June 27 2017, updated 11:32pm

TV star's secret assault payout

Last updated 22:46 06/07/2008

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Broadcaster Tony Veitch will continue his on-air role at Radio Sport despite revelations that he assaulted his former partner and agreed to pay $100,000 for her to keep quiet.

Business executive Kristin Dunne-Powell was treated in hospital for serious injuries suffered in the attack. She spent months away from her job as general manager of marketing at Vodafone, had a breakdown and later was forced to quit work.

But at the end of last year, as Veitch, 34, planned his February wedding to tycoon's daughter Zoe Halford, he and his lawyers brokered an agreement with Ms Dunne-Powell which guaranteed her silence over the incident.

She had not filed a complaint with police over the 2006 incident.

Last night the TVNZ star, who besides his One News role also presents the Game of Two Halves quiz and Radio Sport's breakfast show, refused to comment.

Veitch, who resumed his radio role this morning after a two-week holiday, said: "I've got nothing to say."

NewstalkZB controls Radio Sport and manager Bill Francis said today Veitch had spoken to a lawyer.

"The only thing I would say at this stage is that Tony has taken legal advice and we as an employer don't comment on personal matters affecting our staff.

"That is all I am prepared to say."

When asked if Veitch would carry on with his Radio Sport job, Mr Francis replied: "Absolutely. Nothing has changed."

A TVNZ spokeswoman said Veitch was seeking legal advice and the state broadcaster would not comment on the personal lives of staff.

Ms Dunne-Powell, 33, who married business consultant Morgan Powell last year and is now chief operating officer of broadband firm Woosh, could not be reached for comment last night.

Rumours of the incident, which happened after the couple ended their four-year relationship, have circulated for more than a year.

"Kristin had been living at Tony's house in St Heliers in 2005 but she had moved out when this happened," a source, who asked not to be named, revealed.

"It was really very nasty indeed. Kristin was in a wheelchair for some time but they agreed to stick to a story that she had fallen on the stairs. I'm still not sure why Kristin did that, but obviously Tony was worried it could finish his career, and he loves his job.

"They both moved on with their lives but the repercussions went on and on. There have been rumours, but they've been able to keep a lid on it. Then the lawyers got involved, there were negotiations and Tony made an offer. He just wanted it to go away - forever."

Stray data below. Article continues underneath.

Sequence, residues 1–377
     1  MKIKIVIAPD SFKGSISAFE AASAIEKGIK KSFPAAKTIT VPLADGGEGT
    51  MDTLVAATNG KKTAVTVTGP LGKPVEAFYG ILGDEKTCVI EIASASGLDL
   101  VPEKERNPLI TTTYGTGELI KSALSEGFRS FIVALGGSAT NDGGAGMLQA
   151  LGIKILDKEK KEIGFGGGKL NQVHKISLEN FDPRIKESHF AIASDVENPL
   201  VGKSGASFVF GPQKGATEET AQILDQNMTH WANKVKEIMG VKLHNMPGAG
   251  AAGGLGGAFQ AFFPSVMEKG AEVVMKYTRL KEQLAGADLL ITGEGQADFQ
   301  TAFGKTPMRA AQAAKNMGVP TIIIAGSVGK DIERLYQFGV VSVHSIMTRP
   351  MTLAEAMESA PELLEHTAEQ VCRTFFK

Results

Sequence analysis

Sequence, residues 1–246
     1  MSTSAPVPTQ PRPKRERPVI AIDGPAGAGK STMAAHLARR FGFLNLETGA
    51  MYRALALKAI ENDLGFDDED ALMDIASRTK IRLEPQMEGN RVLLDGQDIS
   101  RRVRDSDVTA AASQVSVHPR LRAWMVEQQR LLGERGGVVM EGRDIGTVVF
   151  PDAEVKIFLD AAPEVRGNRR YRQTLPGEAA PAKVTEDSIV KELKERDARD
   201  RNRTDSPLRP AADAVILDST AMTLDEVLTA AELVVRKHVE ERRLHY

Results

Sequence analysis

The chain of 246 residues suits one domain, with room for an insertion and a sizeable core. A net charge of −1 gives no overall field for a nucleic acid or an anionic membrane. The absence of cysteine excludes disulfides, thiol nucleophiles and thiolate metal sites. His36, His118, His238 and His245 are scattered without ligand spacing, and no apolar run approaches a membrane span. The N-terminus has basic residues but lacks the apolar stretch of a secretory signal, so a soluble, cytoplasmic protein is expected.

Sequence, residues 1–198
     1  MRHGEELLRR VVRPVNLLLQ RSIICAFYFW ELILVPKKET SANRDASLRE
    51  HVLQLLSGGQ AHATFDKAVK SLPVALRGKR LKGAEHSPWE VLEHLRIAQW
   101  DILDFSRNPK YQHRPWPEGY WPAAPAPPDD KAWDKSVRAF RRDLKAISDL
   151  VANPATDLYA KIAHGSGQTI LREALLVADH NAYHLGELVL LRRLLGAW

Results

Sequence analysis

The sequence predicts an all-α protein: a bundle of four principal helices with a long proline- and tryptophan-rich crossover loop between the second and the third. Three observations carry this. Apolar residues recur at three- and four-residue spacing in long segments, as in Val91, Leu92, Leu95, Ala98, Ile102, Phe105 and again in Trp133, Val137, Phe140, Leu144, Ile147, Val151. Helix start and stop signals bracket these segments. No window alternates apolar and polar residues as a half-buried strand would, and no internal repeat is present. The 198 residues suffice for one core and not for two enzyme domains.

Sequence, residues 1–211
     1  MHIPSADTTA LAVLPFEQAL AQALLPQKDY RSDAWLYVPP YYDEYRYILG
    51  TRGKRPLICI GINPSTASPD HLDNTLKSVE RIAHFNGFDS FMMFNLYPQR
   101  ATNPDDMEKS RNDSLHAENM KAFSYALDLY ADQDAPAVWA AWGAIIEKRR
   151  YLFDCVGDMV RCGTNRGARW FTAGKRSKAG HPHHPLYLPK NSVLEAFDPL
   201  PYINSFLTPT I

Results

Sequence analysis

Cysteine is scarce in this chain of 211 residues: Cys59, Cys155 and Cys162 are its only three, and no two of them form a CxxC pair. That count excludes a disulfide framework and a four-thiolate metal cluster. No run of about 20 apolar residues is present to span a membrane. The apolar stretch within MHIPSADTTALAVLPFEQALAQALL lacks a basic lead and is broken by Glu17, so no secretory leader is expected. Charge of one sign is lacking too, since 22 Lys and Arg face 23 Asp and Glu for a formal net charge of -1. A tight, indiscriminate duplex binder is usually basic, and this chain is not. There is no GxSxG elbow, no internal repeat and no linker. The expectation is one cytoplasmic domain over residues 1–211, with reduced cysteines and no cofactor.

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Within a few weeks of signing the agreement, Veitch married Miss Halford at her father Paul's lakeside home in Arrowtown and set off for a lavish honeymoon in Thailand.

Last year he and his wife moved to a $1.8 million villa on the exclusive northern slopes of Auckland's Herne Bay.

Veitch, director of a property investment company and a television company named after himself, is still listed as the co-owner of the ultra-modern St Heliers townhouse where the incident happened.

At the start of last week the house was still advertised for rent on the Trade Me website at $1800 a week. It is understood to have been empty and for sale for some time, despite being featured last year in a spread in a newspaper's property supplement.

Veitch is the son of veteran television producer Graham Veitch and his former wife, Sue, who divorced when he was still at primary school. The split resulted in his childhood being divided between Australia, where his mother lives, and New Zealand.

He once got married on a whim to a girl he met on a holiday bus tour in America. The quickie marriage, in the Elvis Presley chapel in Las Vegas, was swiftly dissolved.

Veitch began his TVNZ career in 1998 as a reporter on Holmes. Known for his motormouth style, the broadcaster is no stranger to controversy having been ordered to make an on-air apology for racist remarks and being taken off air after appearing in a harness racing advertisement, deemed inappropriate for a sports reporter.

TVNZ tightened up its rules on staff working outside of the public broadcaster, believing they could potentially compromise its editorial integrity.

- with NZPA 

- The Dominion Post

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